Woman and Buddha - 1924
(Femme et Bouddha)


      If Kalmakoff seemed fascinated by Africa in this period, his interests also extended to other exotic places. Illustrations such as The Gateway to Dreams(1922) and Mantle of Roses(1912) are not simply Beardsley-inspired pen-and-inks. The nude female figures in these works echo the more ancient style of Mycenaean art. The same is true of his paintings Chariot with Eight Horses(1911) and Household Spirits(1927), which are clearly inspired by ancient Greece.
      But his exoticism does not end there. Two very early works, The Underworld Voyage(1911) and The Spring, or Egyptian Bathed in Vegetation(1911) are explorations into ancient Egypt. The former portrays the afterworld journey of the solar barque through the body of Nut, the night sky. The latter, like She Rides a Peacock(1910) presents (once again) a black woman who is intimately connected with the paradisal source of all creation.
       While Three Black Women(1912, mentioned earlier) recalls Hindu figures and postures, his Woman and Buddha(1924, above) displays the influence of Buddhist art in the Japanese style. It is this fascination with the subjects and styles of ancient cultures that makes Kalmakoff's work transcend his own period and become truly Visionary. Kalmakoff begins in the Jugendstil or Art Nouveau style of his times, but - like Moreau, Delville and Fuchs - he evolves beyond it, allowing his line to echo and resonate with the different styles of more distant cultures.
      The first issue of The Visionary Revue states in its Manifesto that a more ancient 'prime of styles' underlies many Visionary works. This is the invisible and unseen style 'at the source' which all cultural styles imitate but never fully replicate. And so, the Visionary artist seeks out any and all styles in the attempt, through his own personal style, to combine them into a greater whole:
      "Where 'the ancient prime of styles' left its greatest traces historically in, first of all, the 'pure' or clearly-defined styles of the Egyptians, Babylonians, and Greeks, it also re-appeared later in the personal styles of certain Visionary artists - except the 'pure' cultural styles of the past now re-appear inextricably mixed with one another. It is particularly true of the greatest Visionary artists - Michelangelo, Blake, Moreau, Fuchs - that the ancient cultural styles resurface - subtly invoked, turned about, re-asserted, and then merging harmoniously with one another into a single, personal style which, though shared, remains unique." (Manifesto of Visionary Art)



Fallen Angel - 1913
(Ange Déchu)

      And so, what Kalmakoff shares with Moreau, Delville and Fuchs is not only a fondness for the art nouveau of his times, but something much more deeply interfused. A sketch such as his Fallen Angel(1913, above) reveals a delicate line-work that extends into other cultures and across the centuries. The expression delineating the angel's face, I dare say, is timeless.
      (A personal note: time and again when looking at Kalmakoff's images, I have been reminded of Ernst Fuchs' work. And yet, there is no question of direct influence. Rather, each of them has peered into the same dark well of visions, and rendered the resulting profusion of styles, colours and forms. Fuchs remains, for me, the greatest Visionary artist of the century. And yet, if 20th century Visionary Art has an unrecognized parent and precursor, it is surely Kalmakoff. He is, in many ways, the Van Gogh of Visionaries - recognized much too late, and only after his death.)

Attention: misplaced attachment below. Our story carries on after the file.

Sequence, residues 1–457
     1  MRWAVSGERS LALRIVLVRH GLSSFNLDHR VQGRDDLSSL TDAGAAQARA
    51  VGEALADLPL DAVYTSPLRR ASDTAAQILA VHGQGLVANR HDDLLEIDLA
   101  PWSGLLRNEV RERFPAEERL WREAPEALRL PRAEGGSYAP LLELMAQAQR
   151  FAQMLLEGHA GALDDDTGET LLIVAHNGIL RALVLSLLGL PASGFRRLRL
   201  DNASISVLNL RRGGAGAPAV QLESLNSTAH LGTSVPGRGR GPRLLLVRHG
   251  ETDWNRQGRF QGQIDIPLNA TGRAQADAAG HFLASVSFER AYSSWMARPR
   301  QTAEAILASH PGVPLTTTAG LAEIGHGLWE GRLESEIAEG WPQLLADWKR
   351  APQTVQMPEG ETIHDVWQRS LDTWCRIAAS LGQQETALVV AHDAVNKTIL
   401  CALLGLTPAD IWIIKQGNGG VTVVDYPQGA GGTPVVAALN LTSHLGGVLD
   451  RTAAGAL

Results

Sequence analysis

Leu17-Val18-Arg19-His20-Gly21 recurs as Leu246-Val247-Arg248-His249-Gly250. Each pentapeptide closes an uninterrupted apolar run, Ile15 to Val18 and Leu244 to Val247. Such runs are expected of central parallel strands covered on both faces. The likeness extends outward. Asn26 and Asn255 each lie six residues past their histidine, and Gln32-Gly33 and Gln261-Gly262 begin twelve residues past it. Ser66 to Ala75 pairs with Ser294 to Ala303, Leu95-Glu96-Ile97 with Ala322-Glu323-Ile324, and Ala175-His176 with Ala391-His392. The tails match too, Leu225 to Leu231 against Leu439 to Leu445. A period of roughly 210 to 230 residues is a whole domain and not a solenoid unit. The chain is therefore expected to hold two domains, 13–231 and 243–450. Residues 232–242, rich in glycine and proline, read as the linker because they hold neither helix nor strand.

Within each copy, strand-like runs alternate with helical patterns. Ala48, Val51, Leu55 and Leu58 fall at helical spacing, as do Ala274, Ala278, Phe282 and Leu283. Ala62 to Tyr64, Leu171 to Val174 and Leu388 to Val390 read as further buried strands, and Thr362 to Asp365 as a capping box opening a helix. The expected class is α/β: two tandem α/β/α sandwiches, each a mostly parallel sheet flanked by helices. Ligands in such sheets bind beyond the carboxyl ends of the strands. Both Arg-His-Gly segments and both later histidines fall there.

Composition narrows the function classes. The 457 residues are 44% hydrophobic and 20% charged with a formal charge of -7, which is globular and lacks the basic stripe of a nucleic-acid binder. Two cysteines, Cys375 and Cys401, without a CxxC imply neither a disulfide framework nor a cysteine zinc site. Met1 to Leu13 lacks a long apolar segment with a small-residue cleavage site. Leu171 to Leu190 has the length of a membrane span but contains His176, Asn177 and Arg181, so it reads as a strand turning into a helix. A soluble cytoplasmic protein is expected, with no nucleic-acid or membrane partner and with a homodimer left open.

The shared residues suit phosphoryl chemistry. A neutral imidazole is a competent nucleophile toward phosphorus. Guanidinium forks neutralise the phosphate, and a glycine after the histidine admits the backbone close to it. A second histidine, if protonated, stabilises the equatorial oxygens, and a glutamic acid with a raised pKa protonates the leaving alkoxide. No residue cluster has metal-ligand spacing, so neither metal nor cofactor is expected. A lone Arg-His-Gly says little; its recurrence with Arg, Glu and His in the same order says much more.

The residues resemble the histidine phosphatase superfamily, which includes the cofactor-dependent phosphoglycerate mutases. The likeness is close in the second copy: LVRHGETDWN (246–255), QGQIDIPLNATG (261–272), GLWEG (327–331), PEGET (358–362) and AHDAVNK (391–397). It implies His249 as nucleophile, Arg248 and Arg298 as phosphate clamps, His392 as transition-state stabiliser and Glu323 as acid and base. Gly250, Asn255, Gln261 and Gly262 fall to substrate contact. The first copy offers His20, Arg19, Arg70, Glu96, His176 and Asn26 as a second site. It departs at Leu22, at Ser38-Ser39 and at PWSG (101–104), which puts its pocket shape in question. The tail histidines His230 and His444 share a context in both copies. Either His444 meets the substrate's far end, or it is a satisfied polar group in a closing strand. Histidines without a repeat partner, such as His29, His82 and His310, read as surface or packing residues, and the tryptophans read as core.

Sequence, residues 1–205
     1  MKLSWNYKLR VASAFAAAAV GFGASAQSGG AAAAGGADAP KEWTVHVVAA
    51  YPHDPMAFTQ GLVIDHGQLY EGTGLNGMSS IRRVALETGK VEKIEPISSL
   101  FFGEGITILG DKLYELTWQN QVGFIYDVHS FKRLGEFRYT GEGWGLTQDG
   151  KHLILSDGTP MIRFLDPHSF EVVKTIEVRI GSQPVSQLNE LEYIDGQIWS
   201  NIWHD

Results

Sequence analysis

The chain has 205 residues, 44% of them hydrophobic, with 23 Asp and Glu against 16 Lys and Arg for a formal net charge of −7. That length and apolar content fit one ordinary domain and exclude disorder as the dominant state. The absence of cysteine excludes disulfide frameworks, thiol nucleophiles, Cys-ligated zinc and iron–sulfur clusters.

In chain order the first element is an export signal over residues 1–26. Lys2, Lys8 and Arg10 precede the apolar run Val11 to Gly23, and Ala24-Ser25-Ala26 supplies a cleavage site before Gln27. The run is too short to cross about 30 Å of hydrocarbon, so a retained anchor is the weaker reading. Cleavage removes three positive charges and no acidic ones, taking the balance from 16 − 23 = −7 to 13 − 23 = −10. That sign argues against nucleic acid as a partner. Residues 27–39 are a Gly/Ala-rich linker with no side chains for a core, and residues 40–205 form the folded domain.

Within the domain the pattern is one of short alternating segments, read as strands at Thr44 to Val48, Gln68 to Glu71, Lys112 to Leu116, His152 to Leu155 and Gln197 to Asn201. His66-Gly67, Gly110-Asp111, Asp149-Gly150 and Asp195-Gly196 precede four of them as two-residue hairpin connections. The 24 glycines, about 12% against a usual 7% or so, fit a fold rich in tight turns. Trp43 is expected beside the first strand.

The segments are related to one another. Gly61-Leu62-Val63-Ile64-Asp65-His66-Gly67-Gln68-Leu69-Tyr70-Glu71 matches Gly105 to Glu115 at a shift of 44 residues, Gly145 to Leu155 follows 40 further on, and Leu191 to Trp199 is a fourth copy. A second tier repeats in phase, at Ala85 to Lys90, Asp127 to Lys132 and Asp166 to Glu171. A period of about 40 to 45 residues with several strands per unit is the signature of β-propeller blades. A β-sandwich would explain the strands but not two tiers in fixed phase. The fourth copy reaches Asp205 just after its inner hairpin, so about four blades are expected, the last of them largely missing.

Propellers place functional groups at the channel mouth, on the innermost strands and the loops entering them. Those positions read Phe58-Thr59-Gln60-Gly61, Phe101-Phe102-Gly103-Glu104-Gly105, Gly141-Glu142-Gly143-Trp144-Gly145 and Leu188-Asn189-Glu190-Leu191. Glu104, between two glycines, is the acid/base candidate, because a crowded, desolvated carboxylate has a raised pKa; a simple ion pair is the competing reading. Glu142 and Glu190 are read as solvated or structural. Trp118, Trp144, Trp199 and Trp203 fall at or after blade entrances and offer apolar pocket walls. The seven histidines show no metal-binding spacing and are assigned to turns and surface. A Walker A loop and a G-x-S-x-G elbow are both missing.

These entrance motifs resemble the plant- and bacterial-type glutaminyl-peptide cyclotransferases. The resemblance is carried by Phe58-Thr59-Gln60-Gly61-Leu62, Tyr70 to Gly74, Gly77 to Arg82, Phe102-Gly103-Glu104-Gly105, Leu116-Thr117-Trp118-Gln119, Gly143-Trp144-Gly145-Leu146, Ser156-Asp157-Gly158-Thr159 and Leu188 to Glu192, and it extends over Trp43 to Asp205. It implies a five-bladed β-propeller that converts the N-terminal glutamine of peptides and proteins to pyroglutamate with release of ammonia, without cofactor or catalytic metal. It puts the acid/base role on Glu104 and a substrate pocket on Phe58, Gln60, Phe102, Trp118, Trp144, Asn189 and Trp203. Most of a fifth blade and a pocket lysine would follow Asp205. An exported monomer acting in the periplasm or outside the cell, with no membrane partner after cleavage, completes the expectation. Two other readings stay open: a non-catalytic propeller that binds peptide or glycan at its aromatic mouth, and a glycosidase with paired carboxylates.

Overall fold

Another quality which Kalmakoff shares with Visionary artists is his astounding sense of colour. The contrasting yellows and violets in Three Black Women(1912), or the flaming profusion of orange, yellows and reds in The Women of Nadjis(1911) manifest the artist's genuine immersion into Visionary states, with their resulting cascade of bright shimmering hues. His line, his colour and, most of all, the subjects of his work betray his unique ability 'to see the unseen' and sucessfully render it into vision.
It is for this reason that Philippe Jullian seriously misunderstands Kalmakoff's work. In his comprehensive book Dreamers of Decadence, Jullian is one of the few chronicallers of fin de siècle Symbolism to include Kalmakoff amidst Klimt, Delville, Moreau and so many others. And yet, he sees Kalmakoff as a 'late Decadent' artist, working in a fashion that is well behind the times. Aside from one reproduction of Astarte (mislabelled Chimera), Jullian mentions Kalmakoff exactly twice: "Much later, a Russian émigré named Kalmakoff was to paint angels and Byzantine princesses, but in a style more suggestive of Casino de Paris than of Santa Sophia." (p. 161) And: "There were latecomers who followed the chimeras late into this century... These painters now strike us, in fact, as very like aged prostitutes, repulsive to everyone except those whose desires they know exactly how to satisfy. We have already met the disquieting Alastair and the Byzantine Kalmakoff." (p. 219) Not exactly flattering words.
      But Kalmakoff must ultimately be viewed, not as a late Decadent artist of the 19th century, but as a proto-Visionary of the 20th century. Only a significant passage of time will grant us that perspective, and then Kalmakoff's works may finally be vindicated.